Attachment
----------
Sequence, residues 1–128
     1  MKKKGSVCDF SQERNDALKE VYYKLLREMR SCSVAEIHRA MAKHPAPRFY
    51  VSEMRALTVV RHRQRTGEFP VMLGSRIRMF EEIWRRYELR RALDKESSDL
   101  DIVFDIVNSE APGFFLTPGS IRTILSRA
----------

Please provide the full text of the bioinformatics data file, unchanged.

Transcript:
Sequence, residues 1–128
     1  MKKKGSVCDF SQERNDALKE VYYKLLREMR SCSVAEIHRA MAKHPAPRFY
    51  VSEMRALTVV RHRQRTGEFP VMLGSRIRMF EEIWRRYELR RALDKESSDL
   101  DIVFDIVNSE APGFFLTPGS IRTILSRA